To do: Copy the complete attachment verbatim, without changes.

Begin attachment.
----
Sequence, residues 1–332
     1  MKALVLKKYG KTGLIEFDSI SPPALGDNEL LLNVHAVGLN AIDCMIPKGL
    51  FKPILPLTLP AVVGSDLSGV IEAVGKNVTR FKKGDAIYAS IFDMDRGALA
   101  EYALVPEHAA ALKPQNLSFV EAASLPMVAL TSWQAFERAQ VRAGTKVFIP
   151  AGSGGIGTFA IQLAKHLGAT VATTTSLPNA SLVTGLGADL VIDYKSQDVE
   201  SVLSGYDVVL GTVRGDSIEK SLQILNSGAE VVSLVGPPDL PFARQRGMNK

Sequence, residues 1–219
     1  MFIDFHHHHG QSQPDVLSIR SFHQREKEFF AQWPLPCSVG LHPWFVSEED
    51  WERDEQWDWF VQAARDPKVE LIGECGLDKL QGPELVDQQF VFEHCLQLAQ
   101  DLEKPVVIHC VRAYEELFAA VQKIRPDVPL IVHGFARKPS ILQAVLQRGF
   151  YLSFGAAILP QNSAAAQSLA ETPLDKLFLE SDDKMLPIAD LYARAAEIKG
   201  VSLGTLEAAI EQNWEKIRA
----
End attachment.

Sequence, residues 1–332
     1  MKALVLKKYG KTGLIEFDSI SPPALGDNEL LLNVHAVGLN AIDCMIPKGL
    51  FKPILPLTLP AVVGSDLSGV IEAVGKNVTR FKKGDAIYAS IFDMDRGALA
   101  EYALVPEHAA ALKPQNLSFV EAASLPMVAL TSWQAFERAQ VRAGTKVFIP
   151  AGSGGIGTFA IQLAKHLGAT VATTTSLPNA SLVTGLGADL VIDYKSQDVE
   201  SVLSGYDVVL GTVRGDSIEK SLQILNSGAE VVSLVGPPDL PFARQRGMNK

Sequence, residues 1–219
     1  MFIDFHHHHG QSQPDVLSIR SFHQREKEFF AQWPLPCSVG LHPWFVSEED
    51  WERDEQWDWF VQAARDPKVE LIGECGLDKL QGPELVDQQF VFEHCLQLAQ
   101  DLEKPVVIHC VRAYEELFAA VQKIRPDVPL IVHGFARKPS ILQAVLQRGF
   151  YLSFGAAILP QNSAAAQSLA ETPLDKLFLE SDDKMLPIAD LYARAAEIKG
   201  VSLGTLEAAI EQNWEKIRA